VIX Sellers Wait Out the Storm to Drive Volatility Lower AgainBy
VIX jumped 20 points Monday, largest absolute move in history
Risk of ETPs-driven spikes has now been significantly reduced
It isn’t over for volatility sellers.
The stock-market turmoil may have been painful for investors with short-vol positions as VIX is soaring. Yet, once that positioning is unwound, volatility-selling strategies should come back into play.
For one, S&P 500 realized volatility at 18 percent simply doesn’t justify VIX at 50 -- a level that implies consistent average daily fluctuations of over 3 percent in the U.S. stocks index. Compare that with actual average swings at just 0.07 percent over the past year, and it becomes clear it’s only a matter of time before option sellers fade these extremes.
Furthermore, the current volatility spike has much to do with market structure, with VIX futures likely driven higher by the rebalancing of VIX exchange-traded products following the systemic selling of volatility tails in this bull cycle.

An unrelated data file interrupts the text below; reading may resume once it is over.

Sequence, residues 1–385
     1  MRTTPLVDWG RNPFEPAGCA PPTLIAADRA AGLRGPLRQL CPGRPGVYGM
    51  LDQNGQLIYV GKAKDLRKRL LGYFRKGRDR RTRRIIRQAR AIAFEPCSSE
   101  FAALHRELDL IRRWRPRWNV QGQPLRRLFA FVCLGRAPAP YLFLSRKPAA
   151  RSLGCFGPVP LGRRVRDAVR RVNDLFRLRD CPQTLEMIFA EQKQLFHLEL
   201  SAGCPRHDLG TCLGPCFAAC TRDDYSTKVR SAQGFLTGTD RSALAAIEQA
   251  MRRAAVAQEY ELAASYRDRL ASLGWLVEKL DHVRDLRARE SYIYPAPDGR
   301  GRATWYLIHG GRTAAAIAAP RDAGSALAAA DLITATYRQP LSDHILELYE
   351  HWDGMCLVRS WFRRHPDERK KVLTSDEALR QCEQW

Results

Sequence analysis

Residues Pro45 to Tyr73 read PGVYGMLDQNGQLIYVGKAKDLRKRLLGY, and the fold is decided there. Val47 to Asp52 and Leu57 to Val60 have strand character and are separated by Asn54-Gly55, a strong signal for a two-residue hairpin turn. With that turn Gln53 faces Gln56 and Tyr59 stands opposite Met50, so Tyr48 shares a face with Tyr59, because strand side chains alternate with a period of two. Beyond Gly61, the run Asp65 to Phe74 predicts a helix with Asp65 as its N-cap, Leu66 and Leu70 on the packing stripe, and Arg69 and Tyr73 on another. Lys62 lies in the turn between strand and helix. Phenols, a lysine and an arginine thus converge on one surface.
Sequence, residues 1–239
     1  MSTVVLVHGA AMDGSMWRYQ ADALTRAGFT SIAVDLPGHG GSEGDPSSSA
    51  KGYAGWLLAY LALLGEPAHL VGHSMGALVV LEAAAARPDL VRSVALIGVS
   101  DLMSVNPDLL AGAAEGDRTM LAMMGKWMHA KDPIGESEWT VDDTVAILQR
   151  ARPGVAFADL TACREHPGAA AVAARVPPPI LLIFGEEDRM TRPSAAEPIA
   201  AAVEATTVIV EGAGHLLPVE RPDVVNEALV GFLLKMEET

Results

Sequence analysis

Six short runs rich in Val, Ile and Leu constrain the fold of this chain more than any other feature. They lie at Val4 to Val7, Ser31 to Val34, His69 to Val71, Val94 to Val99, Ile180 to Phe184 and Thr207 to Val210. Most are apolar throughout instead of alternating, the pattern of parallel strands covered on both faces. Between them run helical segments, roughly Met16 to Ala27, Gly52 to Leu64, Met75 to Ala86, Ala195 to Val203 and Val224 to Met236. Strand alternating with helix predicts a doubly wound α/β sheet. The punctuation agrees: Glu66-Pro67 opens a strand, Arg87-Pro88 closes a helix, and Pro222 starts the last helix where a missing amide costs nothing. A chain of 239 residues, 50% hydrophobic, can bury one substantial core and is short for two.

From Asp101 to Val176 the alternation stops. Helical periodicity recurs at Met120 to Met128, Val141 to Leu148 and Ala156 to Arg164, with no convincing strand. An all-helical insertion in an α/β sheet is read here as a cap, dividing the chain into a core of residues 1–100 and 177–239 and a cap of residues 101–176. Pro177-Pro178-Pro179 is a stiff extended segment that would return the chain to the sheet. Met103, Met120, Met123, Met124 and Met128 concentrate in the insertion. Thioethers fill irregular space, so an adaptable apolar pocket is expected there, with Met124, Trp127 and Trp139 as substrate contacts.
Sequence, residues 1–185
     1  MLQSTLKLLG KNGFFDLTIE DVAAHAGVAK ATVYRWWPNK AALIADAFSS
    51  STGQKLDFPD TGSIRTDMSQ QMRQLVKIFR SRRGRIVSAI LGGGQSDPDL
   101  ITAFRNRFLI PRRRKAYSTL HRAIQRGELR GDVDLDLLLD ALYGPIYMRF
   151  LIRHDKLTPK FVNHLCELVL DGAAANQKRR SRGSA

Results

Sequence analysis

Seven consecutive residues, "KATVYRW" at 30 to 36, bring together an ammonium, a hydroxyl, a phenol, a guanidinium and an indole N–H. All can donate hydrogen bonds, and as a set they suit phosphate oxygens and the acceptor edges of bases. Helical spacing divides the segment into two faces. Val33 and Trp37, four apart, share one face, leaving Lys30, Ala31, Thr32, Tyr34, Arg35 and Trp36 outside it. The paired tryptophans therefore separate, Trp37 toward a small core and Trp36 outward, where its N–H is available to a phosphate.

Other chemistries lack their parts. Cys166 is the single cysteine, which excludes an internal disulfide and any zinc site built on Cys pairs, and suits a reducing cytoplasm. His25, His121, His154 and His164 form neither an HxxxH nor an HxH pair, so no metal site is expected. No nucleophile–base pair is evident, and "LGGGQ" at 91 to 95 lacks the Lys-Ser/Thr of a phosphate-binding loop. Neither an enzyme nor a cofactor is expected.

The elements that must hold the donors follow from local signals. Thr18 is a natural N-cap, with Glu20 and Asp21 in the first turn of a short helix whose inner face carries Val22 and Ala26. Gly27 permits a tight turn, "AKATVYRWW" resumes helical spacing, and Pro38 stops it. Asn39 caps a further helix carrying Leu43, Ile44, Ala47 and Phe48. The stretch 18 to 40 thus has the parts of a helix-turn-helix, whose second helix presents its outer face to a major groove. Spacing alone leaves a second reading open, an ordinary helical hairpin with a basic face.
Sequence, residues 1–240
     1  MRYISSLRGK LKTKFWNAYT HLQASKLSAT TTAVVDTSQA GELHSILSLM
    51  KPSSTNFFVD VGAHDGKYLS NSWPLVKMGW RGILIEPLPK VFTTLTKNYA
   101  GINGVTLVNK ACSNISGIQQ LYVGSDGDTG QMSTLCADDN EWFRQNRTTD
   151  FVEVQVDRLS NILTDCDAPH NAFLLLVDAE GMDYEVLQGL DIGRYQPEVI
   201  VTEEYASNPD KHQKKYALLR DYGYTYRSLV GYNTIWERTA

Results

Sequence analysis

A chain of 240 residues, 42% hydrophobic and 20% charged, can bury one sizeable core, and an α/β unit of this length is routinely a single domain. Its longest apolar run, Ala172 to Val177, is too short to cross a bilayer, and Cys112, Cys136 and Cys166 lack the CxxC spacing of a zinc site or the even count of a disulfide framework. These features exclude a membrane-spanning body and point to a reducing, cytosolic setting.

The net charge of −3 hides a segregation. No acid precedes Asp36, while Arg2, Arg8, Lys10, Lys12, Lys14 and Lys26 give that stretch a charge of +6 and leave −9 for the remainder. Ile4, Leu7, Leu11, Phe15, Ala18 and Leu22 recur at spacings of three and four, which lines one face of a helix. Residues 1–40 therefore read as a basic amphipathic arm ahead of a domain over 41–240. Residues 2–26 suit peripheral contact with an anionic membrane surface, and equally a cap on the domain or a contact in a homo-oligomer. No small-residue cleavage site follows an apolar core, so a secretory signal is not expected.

- VIX saw the largest absolute move in history on Monday, which followed 10Y U.S. Treasuries delivering the worst risk-adjusted return for the start of a year and an accelerated rally in SPX leading to positioning peak
- It shouldn’t take too long for VIX to narrow the gap with its realized counterpart, provided there’s no contagion into rates volatility
- Short-dated option positioning last month approached risk-on levels seen following Donald Trump’s election as investors paid increased premiums for SPX calls and Treasury puts; capitulation into risk assets pushed positioning to a peak
- SPX one-month normalized volatility skew, the difference between 25-delta puts and calls divided by 50-delta implied volatility, has spiked to all-time highs
- The skew had fallen sharply at the start of the year as SPX rally went parabolic, which boded well for collar structures at increasingly higher strikes and funding of SPX downside on a pullback in stocks; see related story here from Feb. 2
- U.S. high-yield debt had been losing momentum relative to SPX from October, with increased divergence a key risk concern; SPX slide has closed the gap with the break higher in CDX IG 5Y (now back to November 2017 levels) with any further widening suggesting further downside for equity and key metric to watch
- USTs curve steepening speaks more of flight to quality rather than concerns over the economy; bond/equity battle set to be the theme of the year given the increased sensitivity of the economy to rates compared to previous cycles
- NOTE: Tanvir Sandhu is an interest-rate and derivatives strategist who writes for Bloomberg. The observations he makes are his own and are not intended as investment advice